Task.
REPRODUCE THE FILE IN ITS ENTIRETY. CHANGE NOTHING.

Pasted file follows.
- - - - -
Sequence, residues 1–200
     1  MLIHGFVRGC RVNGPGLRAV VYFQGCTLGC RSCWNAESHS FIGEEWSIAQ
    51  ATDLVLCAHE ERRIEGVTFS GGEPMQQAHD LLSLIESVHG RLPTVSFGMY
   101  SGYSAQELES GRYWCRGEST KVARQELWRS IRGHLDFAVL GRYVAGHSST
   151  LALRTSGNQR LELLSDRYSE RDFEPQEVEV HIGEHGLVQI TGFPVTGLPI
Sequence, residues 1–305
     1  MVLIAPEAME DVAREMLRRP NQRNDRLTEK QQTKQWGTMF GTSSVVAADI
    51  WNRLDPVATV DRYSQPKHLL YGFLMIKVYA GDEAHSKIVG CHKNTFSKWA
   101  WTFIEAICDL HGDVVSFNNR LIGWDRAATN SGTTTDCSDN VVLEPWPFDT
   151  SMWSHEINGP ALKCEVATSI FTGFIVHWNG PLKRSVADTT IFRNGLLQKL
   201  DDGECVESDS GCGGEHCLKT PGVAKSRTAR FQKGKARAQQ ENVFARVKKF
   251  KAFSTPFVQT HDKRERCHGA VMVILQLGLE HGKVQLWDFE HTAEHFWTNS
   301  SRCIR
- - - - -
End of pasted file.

Sequence, residues 1–200
     1  MLIHGFVRGC RVNGPGLRAV VYFQGCTLGC RSCWNAESHS FIGEEWSIAQ
    51  ATDLVLCAHE ERRIEGVTFS GGEPMQQAHD LLSLIESVHG RLPTVSFGMY
   101  SGYSAQELES GRYWCRGEST KVARQELWRS IRGHLDFAVL GRYVAGHSST
   151  LALRTSGNQR LELLSDRYSE RDFEPQEVEV HIGEHGLVQI TGFPVTGLPI
Sequence, residues 1–305
     1  MVLIAPEAME DVAREMLRRP NQRNDRLTEK QQTKQWGTMF GTSSVVAADI
    51  WNRLDPVATV DRYSQPKHLL YGFLMIKVYA GDEAHSKIVG CHKNTFSKWA
   101  WTFIEAICDL HGDVVSFNNR LIGWDRAATN SGTTTDCSDN VVLEPWPFDT
   151  SMWSHEINGP ALKCEVATSI FTGFIVHWNG PLKRSVADTT IFRNGLLQKL
   201  DDGECVESDS GCGGEHCLKT PGVAKSRTAR FQKGKARAQQ ENVFARVKKF
   251  KAFSTPFVQT HDKRERCHGA VMVILQLGLE HGKVQLWDFE HTAEHFWTNS
   301  SRCIR